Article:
Rampell’s contribution is to look at the phenomenon of investors, both big and small, and how they’ve bought properties at foreclosure and then flipped them. Separately, Josh Rosner recently released the astonishing statistic: that sales of owner-occupied properties showed only a 1% gain in the last 12 months. The gains that have been driving the indexes were all in investor owned properties. Some flipped to other investors. In hot markets, local investors have been doing “mini-bulks,” acquiring small portfolios to sell to private equity investors, some without renovating them, others with modest fix-ups. Others sold them to homebuyers.

Rampell uses the example of a couple who believed that renting was throwing away their money, and had the bad luck to buy a moderately-priced fixer-upper in early 2007. Each wage earner saw their income drop and unable to get a loan modification, they lost their home. Their $309,000 Seattle home went to an investor for $155,000 in the summer of 2011. That investor just sold it to a homeowner for $290,000, not far below what the hapless couple paid for it. But the new buyer paid all cash.

Rampell tells us:

Of the 87,062 foreclosures in the last five years that were bought by corporate investors and have been flipped, about a quarter were sold for at least $100,000 more than what the investor originally paid, according to [an online real estate listings site] Redfin (Although it’s impossible to know how much investors spent on upgrades or renovations.)….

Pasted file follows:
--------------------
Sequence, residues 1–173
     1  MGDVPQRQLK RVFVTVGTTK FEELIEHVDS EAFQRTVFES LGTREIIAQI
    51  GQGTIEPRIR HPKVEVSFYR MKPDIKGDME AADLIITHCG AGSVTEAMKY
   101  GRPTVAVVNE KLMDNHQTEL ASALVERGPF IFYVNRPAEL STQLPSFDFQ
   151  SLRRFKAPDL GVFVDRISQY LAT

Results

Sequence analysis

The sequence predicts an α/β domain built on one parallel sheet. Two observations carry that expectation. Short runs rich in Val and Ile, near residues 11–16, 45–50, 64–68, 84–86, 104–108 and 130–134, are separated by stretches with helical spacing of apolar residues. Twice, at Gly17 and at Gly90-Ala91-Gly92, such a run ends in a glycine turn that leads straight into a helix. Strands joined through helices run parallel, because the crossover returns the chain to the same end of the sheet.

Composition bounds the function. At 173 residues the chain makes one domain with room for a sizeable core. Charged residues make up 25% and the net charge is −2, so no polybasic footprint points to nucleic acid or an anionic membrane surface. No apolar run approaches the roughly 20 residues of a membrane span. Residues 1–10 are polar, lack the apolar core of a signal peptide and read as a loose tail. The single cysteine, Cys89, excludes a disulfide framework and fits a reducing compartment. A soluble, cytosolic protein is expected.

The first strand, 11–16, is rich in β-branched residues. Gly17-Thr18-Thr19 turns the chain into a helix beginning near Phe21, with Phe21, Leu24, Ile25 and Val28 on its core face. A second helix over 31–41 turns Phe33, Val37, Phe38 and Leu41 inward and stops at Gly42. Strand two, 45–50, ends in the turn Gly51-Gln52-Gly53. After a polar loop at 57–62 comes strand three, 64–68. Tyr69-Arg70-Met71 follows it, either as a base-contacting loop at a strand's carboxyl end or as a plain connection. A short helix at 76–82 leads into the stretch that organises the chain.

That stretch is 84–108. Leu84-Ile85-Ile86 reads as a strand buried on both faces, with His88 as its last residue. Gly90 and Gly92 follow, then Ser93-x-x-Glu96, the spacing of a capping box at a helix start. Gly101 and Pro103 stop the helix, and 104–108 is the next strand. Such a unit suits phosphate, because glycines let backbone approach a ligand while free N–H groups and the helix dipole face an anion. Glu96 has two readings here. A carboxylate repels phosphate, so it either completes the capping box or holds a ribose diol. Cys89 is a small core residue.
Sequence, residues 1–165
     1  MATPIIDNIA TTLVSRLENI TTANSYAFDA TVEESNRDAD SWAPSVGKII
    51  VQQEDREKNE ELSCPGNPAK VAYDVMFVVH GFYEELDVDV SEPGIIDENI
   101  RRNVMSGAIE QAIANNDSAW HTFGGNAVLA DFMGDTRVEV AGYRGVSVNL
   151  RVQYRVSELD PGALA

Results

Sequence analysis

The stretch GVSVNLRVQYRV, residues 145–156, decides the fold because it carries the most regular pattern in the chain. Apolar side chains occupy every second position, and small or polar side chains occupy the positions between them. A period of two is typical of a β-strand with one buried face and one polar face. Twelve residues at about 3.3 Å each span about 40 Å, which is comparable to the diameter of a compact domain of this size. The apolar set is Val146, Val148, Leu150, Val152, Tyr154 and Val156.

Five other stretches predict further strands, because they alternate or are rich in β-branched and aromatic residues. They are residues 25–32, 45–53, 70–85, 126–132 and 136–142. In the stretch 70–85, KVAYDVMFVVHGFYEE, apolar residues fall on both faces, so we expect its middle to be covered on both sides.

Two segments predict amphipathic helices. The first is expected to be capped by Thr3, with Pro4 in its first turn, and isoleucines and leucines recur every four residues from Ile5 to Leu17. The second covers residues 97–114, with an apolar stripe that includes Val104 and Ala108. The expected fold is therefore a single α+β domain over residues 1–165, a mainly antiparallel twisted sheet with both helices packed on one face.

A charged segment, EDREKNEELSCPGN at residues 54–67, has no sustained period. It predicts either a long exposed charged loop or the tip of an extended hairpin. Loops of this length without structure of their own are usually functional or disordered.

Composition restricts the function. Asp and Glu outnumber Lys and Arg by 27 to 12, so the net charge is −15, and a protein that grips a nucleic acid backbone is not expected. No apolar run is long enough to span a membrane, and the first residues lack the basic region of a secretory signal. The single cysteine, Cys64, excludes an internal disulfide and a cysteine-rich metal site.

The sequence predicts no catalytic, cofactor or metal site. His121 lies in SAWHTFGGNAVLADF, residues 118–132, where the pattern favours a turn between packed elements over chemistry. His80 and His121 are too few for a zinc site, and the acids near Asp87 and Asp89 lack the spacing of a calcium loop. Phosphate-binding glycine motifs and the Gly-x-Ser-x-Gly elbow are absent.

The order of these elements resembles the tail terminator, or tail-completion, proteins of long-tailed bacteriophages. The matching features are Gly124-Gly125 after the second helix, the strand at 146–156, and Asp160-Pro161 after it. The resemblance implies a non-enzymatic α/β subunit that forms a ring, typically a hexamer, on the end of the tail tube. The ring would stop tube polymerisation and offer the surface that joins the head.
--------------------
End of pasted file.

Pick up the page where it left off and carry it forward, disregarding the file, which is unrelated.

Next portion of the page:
The boom-bust-flip phenomenon is just one of the most obvious ways that research suggests the financial crisis has benefited the upper class while brutalizing the middle class. Rents have risen at twice the pace of the overall cost-of-living index, partly because middle-class families can’t get the credit they need to buy. That means “landlords can raise rents with impunity,” says Glenn Kelman, chief executive of Redfin. And according to a report by David Autor, the M.I.T. economist, job losses during and after the recession were concentrated in midskilled and midwage jobs, like white-collar sales, office and administrative jobs; and blue-collar production, craft, repair and operative jobs. Employment for higher-skilled workers, on the other hand, has grown substantially.